Spalding’s misrepresentation of that case is based on a total travesty of my account of the recent rise of popular history. I do not say that Going for a Song, Sergeant Pepper’s Lonely Hearts Club Band, Poldark, Stalingrad or even Schama’s A History of Britain are examples of ‘serious’ history. In fact, I don’t discuss Schama’s A History of Britain at all. Beevor’s Stalingrad I only mention neutrally as an example of the enduring popularity of military history. The others – and more – are touched on to chart a growing appetite for history in popular culture that can be traced back to the early 1960s, a phenomenon which is documented only briefly here but which is given lavish coverage in Raphael Samuel’s Theatres of Memory (Verso; London, 1994). As my final chapter seeks to argue, some – by no means all – of this appetite for history in popular culture offers opportunities for ‘serious’ historians to reach a broader audience with more bracing stuff.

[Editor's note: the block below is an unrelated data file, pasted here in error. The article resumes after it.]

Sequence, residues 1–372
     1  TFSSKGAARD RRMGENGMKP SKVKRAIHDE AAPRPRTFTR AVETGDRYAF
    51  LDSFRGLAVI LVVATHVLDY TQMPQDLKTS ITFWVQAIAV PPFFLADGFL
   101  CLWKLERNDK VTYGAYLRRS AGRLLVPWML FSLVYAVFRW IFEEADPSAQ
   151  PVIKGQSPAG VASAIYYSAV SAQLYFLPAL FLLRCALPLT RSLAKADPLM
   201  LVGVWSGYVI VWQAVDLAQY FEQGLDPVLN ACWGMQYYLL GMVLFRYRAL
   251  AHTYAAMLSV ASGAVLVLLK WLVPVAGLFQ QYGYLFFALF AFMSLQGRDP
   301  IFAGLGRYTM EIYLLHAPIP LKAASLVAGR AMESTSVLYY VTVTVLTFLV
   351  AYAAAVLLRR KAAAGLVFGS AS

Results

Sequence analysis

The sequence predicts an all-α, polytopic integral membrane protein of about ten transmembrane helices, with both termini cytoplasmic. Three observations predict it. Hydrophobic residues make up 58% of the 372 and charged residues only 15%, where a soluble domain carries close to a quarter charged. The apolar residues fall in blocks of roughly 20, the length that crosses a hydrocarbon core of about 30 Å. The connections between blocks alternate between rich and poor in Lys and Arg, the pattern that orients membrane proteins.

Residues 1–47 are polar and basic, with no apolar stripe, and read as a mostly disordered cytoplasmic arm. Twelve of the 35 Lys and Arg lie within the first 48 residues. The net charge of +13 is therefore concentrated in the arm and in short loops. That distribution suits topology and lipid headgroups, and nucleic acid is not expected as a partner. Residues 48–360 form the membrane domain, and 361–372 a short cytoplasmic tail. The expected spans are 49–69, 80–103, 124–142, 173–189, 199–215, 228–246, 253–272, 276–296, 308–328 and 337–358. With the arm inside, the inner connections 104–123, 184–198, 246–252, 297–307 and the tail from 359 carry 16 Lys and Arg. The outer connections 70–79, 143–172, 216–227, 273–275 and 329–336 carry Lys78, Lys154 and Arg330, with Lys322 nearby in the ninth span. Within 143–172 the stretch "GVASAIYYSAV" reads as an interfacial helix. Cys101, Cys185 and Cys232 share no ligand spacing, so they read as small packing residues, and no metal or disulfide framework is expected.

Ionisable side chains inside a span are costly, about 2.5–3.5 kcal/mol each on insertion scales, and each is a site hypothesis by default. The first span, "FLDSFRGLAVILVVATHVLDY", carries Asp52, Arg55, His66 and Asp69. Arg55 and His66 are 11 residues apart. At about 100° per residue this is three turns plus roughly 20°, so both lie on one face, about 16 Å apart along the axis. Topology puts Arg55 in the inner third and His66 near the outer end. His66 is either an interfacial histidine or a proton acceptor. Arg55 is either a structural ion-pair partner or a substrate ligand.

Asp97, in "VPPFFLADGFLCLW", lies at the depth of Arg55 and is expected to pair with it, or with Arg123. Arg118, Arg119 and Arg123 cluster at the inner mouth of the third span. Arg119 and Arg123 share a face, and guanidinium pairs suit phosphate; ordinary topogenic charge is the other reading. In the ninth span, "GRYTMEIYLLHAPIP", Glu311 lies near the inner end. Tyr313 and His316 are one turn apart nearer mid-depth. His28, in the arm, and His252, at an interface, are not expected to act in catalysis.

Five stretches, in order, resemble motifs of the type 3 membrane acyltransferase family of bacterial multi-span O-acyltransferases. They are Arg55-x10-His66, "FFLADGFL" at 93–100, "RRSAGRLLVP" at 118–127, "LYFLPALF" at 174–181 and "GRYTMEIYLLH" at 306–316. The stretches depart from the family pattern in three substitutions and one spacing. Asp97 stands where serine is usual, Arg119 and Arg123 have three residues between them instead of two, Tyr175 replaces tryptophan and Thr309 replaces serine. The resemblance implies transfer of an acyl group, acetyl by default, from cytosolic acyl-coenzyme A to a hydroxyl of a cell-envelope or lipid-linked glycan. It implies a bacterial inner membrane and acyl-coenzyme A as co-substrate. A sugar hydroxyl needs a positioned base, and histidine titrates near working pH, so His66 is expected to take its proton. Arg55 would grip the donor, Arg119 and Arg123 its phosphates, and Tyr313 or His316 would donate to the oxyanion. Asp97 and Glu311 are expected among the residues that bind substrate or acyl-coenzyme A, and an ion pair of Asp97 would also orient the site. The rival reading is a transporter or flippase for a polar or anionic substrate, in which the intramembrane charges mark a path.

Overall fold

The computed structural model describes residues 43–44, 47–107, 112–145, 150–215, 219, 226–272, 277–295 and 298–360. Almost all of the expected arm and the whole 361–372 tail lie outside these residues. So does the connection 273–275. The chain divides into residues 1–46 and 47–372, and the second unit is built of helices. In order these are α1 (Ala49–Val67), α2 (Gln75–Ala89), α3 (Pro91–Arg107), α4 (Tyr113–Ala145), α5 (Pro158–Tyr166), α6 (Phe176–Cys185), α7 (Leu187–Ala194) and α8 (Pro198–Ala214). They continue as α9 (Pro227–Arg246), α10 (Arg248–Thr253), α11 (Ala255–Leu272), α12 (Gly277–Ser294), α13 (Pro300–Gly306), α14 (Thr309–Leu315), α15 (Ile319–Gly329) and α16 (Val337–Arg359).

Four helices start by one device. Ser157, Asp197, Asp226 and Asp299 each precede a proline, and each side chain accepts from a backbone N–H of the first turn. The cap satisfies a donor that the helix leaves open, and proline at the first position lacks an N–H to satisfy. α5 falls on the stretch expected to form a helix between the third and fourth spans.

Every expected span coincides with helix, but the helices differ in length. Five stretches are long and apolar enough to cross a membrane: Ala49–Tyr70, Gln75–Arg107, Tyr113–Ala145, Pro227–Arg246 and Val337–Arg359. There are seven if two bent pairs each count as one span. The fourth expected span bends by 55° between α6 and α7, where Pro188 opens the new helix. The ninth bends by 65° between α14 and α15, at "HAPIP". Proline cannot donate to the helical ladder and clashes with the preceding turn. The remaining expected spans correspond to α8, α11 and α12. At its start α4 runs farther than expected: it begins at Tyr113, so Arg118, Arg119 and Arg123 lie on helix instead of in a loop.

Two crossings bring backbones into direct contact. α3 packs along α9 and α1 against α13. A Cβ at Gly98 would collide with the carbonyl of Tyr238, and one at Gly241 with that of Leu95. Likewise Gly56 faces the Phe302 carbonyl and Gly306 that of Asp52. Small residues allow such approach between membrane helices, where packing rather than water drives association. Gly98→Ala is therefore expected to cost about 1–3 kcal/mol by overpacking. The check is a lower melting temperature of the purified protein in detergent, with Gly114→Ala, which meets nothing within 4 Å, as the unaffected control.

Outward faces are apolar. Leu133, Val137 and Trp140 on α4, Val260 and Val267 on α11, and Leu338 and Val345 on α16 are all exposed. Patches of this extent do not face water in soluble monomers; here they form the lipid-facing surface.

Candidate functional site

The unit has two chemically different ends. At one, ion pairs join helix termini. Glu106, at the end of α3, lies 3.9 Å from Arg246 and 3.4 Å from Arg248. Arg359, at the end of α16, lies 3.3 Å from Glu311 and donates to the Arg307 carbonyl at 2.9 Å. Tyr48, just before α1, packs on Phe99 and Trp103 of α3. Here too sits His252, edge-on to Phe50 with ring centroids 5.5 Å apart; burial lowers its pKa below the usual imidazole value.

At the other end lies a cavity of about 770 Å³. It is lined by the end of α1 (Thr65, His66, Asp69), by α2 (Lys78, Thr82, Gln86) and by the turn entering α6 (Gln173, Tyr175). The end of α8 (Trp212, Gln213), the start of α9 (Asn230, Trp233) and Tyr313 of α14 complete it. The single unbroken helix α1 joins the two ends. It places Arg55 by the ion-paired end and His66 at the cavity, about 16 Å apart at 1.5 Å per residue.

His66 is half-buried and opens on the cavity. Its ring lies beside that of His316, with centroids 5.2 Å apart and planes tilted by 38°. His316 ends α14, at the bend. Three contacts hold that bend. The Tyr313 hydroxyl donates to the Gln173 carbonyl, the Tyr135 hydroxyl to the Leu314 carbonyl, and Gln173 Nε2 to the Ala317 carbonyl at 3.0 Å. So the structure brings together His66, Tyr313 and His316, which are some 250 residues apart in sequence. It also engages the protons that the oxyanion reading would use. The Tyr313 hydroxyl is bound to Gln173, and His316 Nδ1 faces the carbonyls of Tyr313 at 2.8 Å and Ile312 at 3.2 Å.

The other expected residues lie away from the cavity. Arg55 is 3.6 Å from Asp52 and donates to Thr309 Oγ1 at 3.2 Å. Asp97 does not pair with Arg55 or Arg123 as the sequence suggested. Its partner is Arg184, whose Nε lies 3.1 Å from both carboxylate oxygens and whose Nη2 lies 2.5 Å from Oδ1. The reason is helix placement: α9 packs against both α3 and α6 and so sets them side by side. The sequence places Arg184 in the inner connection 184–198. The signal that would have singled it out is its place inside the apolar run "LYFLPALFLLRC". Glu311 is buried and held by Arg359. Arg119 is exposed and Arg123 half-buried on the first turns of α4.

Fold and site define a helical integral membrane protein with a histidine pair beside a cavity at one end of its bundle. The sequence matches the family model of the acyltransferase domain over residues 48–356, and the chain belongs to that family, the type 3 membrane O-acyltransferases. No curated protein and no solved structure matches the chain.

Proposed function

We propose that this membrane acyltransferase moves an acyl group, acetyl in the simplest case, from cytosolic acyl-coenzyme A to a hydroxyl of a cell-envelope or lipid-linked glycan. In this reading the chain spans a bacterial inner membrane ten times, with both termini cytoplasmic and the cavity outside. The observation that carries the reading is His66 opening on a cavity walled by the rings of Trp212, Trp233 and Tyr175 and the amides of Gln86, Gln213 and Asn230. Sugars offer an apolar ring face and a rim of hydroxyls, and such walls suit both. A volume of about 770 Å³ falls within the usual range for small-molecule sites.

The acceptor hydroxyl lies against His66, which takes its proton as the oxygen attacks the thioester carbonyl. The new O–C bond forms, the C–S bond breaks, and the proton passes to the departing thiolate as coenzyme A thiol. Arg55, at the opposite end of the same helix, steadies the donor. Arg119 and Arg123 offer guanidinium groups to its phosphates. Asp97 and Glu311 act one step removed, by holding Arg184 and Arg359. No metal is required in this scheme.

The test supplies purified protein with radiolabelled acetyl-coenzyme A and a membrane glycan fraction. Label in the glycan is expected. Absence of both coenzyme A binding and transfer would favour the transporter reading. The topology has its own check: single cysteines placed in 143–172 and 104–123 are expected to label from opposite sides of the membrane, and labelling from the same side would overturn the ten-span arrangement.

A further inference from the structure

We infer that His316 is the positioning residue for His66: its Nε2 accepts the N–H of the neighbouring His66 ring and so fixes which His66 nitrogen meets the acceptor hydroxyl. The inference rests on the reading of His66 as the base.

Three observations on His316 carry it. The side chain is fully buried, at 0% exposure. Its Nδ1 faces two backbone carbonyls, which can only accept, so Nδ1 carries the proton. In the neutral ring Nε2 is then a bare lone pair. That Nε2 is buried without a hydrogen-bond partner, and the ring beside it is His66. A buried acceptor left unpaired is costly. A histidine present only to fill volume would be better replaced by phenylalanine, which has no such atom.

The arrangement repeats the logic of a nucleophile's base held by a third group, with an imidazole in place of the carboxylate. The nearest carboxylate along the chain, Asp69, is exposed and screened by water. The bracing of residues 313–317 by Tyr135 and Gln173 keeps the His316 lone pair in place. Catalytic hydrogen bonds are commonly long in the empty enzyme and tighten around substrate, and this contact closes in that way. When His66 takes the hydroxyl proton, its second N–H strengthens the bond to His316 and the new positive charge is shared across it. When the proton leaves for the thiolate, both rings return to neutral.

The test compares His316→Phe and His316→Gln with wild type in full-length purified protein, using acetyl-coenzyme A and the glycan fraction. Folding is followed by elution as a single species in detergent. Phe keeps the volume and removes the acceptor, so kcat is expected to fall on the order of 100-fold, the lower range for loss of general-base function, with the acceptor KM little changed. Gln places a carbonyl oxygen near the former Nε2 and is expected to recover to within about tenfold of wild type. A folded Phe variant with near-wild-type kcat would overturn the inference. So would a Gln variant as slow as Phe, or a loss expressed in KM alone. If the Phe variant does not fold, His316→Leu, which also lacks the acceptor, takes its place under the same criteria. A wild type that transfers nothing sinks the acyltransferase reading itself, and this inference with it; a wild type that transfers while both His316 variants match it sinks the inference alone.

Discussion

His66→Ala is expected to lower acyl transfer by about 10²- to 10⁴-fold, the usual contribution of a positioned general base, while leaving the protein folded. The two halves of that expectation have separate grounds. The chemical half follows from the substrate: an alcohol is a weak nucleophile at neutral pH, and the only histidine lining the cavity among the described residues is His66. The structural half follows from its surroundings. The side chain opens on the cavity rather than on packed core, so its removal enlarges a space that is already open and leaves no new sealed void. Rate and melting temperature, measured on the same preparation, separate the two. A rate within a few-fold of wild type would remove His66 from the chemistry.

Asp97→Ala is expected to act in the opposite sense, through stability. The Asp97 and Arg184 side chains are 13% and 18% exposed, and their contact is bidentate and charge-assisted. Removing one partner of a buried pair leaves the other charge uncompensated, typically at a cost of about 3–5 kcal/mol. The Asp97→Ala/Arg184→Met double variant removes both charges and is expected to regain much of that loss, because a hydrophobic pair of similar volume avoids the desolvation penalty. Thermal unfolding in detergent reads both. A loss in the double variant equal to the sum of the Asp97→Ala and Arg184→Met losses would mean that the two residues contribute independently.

On much of this, Spalding and I probably agree, though he is too blinded by anger at what he sees as my Blairite fawning over dumbed-down popular culture to acknowledge it. Undoubtedly, however, I do have a higher estimation of those opportunities presented by contemporary popular culture than he does. I do think that higher levels of prosperity, education, mobility and social tolerance – and lower levels of snobbery, bigotry and class prejudice – prevail in Britain today than, say, in the heroic days of the British marxist historians which Spalding celebrates. I do think that, as a result, when serious historians engage seriously with popular culture today, they can produce intellectually challenging work that stretches more people further than was possible a generation ago. (I give many carefully calibrated examples in the book, seeking to distinguish education from entertainment, whereas Spalding seems to think all media presentations of history are equally risible.) I also think that the reach of the ‘significant minority version of popular history’ to which Spalding genuflects was limited by class and educational barriers that the British Left, for all its protestations, was hesitant to breach. And I do think that the development of mass higher education, for example, has made more of a contribution to a ‘democratic society’ than ‘the success of Scargill’s NUM pickets at the Saltley coking depot in 1972’. It is a narrow view of democracy that only counts a certain kind of radical political activism and scorns widening access and horizons in education, travel, leisure and, yes, entertainment. Spalding is entitled to his alternative views about the proper contribution of history to a democratic society, but he is not entitled to re-write my book to provide a crude foil for those views.